Friday, February 5, 2021

Wrap Up: January 2021


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Reviews Of Books I Read In January



My reading year started out amazing! My first book of 2021 was also my first 5-star book of 2021. That book was Dry by Neal Shusterman and Jarrod Shusterman. They’re a father/son writing team. Dry is a dystopia about what happens when California runs out of water. Reading it was stressful! Probably because I live in a drought-prone place that starts on fire every summer and fall. I can relate to the water restrictions and the constant smell of smoke in the air. This is one of the most realistic dystopias I’ve ever read. I love the pacing. It reads quickly because there’s a lot of action, but you still get to know and love the characters. I felt bad for them every time they hit a dead end in their search for water. (Which was often. These kids just can’t catch a break.) I love that the characters are forced to make hard decisions. They make mistakes. They learn they’re not as badass as they first thought. They’re not heroes. I’m struggling to come up with something to complain about. I need a complaint! Um . . . I guess the bit about the wildfire was predictable. I knew the kids would be rescued, and I knew how they’d be rescued. That didn’t impact my enjoyment of the book at all. If you like dystopias, you need to read this one. It’s so good!


Unfortunately, I didn’t have the same luck with my second book of 2021. I didn’t like The Inexplicable Logic Of My Life by Benjamin Alire Sáenz. This book made me very aware that I’m no longer the target audience for young adult stories. It’s a slow, character-driven novel about a sad, angry, spoiled teen boy and his sad, angry, less-spoiled friends. I’m not entirely sure why they’re friends because the girl is mean to the boys and constantly pressures them do things they don’t want to do. I guess that’s realistic for teenagers. The book is basically 500 pages of teens wallowing in their own misery. I think I would have loved it when I was younger because I was also a sad, angry, spoiled teenager. As an adult, the book reads like overwrought tragedy porn. It’s just nonstop misery. Don’t these kids have something to do? They sit around all day and text each other sad, philosophical stuff. There’s a sexual assault that I don’t think is handled well by the author. It happens and then is barely mentioned again. Why is it in the book if the sex assault plotline goes nowhere? There’s more than enough angst without it! I found this book frustrating, but I didn’t hate it. It’s well-written. I like the discussions about cultural identity. The main character is a white kid who was adopted by a Mexican father. He doesn’t feel white or Mexican. I thought those bits of the story were interesting, but the rest got on my nerves. I’m just not the target audience for this novel. I’m old and don’t have the energy for teen angst.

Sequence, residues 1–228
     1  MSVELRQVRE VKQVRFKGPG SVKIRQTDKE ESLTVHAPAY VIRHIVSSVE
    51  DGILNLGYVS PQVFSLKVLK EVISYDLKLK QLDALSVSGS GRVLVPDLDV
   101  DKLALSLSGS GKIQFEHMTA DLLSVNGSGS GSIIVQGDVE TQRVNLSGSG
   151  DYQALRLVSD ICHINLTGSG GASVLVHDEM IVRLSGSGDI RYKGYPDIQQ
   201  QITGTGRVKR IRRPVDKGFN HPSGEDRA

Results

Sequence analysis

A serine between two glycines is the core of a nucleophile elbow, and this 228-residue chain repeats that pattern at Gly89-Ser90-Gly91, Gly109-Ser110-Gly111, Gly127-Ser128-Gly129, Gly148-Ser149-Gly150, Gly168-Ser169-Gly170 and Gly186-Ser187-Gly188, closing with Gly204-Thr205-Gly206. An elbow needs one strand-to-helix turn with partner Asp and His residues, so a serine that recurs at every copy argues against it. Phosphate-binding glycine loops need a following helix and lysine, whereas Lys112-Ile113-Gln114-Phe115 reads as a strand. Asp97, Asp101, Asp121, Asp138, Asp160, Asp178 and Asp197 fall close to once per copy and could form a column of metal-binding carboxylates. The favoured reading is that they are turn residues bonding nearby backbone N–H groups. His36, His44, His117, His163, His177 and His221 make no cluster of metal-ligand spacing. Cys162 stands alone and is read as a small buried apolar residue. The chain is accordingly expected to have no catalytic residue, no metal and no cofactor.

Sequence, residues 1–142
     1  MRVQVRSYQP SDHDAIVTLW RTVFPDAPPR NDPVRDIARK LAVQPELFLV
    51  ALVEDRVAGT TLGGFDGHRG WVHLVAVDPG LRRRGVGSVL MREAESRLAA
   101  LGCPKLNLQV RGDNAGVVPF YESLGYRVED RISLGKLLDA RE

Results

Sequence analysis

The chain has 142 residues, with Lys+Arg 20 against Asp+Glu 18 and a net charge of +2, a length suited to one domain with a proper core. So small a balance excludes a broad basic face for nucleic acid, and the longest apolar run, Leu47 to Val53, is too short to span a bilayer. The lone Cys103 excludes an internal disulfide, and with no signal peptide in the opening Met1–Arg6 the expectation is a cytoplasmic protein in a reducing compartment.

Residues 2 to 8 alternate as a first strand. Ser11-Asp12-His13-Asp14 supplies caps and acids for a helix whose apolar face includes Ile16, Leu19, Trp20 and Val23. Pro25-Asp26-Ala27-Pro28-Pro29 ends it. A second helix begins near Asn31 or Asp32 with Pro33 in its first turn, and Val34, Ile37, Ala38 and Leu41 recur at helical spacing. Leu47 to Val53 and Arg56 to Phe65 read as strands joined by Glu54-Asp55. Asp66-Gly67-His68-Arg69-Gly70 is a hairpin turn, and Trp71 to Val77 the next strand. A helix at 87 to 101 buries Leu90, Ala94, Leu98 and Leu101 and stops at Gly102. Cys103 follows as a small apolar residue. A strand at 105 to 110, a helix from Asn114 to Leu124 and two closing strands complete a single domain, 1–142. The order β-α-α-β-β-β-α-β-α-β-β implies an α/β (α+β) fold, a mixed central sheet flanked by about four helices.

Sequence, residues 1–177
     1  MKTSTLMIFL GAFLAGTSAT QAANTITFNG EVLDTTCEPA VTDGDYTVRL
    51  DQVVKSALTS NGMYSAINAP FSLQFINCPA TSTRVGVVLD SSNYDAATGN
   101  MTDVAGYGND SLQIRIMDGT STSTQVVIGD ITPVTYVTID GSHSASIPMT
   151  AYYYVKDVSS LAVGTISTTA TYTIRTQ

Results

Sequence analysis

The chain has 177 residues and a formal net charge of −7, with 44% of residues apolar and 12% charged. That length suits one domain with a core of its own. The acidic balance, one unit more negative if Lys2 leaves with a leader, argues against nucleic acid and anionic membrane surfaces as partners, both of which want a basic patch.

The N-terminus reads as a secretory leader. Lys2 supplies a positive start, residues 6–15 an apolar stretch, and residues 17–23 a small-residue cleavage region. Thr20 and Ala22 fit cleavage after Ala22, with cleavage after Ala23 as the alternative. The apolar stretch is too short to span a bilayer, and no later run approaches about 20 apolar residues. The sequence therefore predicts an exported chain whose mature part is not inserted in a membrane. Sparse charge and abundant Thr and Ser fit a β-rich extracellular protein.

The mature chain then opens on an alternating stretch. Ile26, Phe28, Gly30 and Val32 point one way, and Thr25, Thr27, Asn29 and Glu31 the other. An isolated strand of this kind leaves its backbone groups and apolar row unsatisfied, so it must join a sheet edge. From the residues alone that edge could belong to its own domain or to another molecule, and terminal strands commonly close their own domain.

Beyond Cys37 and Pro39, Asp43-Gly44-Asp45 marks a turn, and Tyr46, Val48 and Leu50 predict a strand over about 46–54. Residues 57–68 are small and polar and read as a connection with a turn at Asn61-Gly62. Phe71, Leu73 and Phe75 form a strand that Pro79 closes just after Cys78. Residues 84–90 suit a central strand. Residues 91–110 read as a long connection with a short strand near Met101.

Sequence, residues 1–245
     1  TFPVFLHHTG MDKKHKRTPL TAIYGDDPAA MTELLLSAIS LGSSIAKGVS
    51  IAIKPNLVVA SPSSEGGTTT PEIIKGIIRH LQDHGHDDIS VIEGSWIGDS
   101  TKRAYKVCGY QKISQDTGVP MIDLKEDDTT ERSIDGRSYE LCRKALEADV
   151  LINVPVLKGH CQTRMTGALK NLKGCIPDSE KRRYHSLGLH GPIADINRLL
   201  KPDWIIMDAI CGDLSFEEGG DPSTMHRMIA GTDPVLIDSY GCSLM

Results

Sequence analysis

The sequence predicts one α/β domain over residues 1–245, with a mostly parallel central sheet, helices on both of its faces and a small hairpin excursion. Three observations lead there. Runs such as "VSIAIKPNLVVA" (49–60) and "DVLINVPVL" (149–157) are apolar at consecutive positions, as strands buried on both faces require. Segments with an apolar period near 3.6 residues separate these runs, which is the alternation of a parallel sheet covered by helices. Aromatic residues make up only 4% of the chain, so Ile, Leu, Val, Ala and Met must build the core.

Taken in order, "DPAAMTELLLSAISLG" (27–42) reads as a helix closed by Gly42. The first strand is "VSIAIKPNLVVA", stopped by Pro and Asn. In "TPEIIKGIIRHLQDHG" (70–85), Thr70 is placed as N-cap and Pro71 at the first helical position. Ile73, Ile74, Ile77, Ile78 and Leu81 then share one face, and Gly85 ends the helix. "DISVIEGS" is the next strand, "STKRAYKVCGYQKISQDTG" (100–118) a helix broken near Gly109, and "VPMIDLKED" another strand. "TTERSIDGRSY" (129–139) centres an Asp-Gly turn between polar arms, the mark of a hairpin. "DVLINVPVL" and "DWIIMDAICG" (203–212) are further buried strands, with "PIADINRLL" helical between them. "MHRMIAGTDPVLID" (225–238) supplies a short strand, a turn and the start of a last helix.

After that bookish low point, I found another excellent novel. Stella By Starlight by Sharon M. Draper reminds me of the slow, rural, character-driven stories I devoured as a young teenager. There isn’t much of a plot, but the vivid setting and strong characters were fascinating enough to keep me reading. It’s about the day-to-day life of a kid named Stella who is growing up in the south in the 1930s. The drama starts when Stella and her brother sneak out of the house at night and accidentally stumble across a KKK rally. It’s such a good book! There’s tension, and humor, and history, and a whole town of loveable characters. If you like middlegrade books and don’t mind a meandering slice-of-life plot, you need to read this novel.


After Stella By Starlight, I wanted more middlegrade, so I picked up The Fourteenth Goldfish by Jennifer L. Holm. This book is very different from Stella. It’s a science fiction story about an elderly scientist who discovers a way to reverse aging. Of course he tests his experiment on himself and ends up looking like a thirteen-year-old. Then he moves in with his daughter and eleven-year-old granddaughter. The book has a cartoonish quality. There’s a lot of humor and characters with over-the-top personalities. For an adult, it’s the kind of book you read quickly, laugh at, and then forget. I enjoyed it, but I don’t think it left a lasting impression on me. Kids would find it entertaining. It’s an easy read that doesn’t require a lot of thought. It’s just fun. I probably would have adored it as a kid.